When you purchase your puppy, your breeder should provide you with certain paperwork. Some will be legal documents, others will provide information on how to take care of your puppy as well as details of the veterinary treatments they have had so far.
Before you hand over any money, it is important to ask the breeder what kind of paperwork you should expect.
What paperwork should be in your puppy pack?
A signed copy of your contract of sale (otherwise known as a puppy contract)
This legal document protects both yourself and the seller and ensures that there is documentation of all that was promised and agreed upon. This contract will need to be signed by both parties.
What should a puppy contract contain?
The contract should contain information about the puppy, as well as both yours and the breeder's details. It should also contain details of warranty or health claims made by the breeder, and any responsibilities or agreements that you make to the breeder.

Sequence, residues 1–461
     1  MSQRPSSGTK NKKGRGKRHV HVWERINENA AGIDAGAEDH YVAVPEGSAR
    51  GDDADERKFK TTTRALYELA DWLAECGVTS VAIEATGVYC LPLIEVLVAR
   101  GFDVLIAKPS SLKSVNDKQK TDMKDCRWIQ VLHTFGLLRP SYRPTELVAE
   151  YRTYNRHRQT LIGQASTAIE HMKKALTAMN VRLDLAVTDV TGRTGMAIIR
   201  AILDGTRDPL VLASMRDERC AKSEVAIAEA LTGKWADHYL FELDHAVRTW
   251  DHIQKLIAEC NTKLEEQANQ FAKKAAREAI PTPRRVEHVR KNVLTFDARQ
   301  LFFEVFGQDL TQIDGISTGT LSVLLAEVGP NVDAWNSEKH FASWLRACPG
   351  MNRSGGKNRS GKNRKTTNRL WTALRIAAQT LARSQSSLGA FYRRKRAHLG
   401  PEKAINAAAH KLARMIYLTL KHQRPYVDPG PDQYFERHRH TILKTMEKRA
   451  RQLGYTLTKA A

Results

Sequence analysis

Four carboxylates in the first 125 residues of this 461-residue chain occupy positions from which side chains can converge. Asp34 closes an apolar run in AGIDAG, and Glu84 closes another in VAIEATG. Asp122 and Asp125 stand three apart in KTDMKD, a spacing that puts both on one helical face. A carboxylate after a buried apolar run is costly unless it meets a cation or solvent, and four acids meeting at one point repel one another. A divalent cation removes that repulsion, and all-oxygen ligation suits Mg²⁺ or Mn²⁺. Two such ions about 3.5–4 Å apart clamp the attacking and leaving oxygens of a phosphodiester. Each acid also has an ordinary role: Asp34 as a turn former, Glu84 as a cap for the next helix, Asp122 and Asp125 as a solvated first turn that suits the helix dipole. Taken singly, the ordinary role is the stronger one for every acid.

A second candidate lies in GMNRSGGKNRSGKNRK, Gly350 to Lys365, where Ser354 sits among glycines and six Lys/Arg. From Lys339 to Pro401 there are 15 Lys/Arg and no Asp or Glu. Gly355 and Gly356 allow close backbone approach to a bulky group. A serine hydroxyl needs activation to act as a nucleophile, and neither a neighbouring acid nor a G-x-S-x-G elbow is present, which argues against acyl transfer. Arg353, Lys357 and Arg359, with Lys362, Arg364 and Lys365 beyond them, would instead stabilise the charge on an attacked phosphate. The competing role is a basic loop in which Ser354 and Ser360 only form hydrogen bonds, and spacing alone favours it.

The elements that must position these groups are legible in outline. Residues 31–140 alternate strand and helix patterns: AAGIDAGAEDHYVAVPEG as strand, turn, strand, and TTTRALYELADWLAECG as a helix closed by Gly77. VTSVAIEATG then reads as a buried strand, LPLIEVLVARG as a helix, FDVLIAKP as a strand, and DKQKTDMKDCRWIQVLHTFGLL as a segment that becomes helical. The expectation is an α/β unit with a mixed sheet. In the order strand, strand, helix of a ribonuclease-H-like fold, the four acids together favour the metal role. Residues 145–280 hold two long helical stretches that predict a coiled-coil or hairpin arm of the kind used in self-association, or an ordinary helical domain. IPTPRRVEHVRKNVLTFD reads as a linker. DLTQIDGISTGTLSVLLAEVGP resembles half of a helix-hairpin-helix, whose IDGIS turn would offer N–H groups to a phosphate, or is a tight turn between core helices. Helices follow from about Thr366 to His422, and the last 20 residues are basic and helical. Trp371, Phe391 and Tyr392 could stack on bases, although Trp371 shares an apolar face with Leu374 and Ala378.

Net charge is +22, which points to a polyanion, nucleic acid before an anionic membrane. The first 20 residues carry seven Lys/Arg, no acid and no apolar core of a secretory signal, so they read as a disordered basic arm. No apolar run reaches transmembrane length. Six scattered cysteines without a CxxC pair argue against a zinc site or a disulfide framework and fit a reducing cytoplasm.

Take a look at an example of a puppy contract that we recommend for our assured breeders.
Papers from The Kennel Club
If the dog is advertised as registered with The Kennel Club, you should ensure that you take receipt of the registration certificate from The Kennel Club. This will contain information and options on how you can transfer the ownership into your name.
If the registration certificate is not available at the time of purchase, ensure that you receive confirmation in writing from the breeder that this will be sent to you when it's available.
- Your puppy’s pedigree (family tree)
- Details about your puppy’s microchip
- Information about your puppy’s vaccination and worming treatments
- Copies of health certificates regarding the puppy's mother and father
Insurance details (if the breeder has chosen to insure the puppy)
Just like us, pets will at some point fall ill or have an unexpected injury. But with pets there is no NHS to absorb the cost. Pet insurance helps owners plan for unexpected vet fees and this is usually the reason owners choose to insure their pets.
- socialisation, exercise and training information
- information about the breed, including advice on grooming
- feeding advice
- worming regime (when puppy was last wormed, product used and when next worming is due)
- immunisation regime (what vaccinations, if any, have been done or which vaccines are recommended)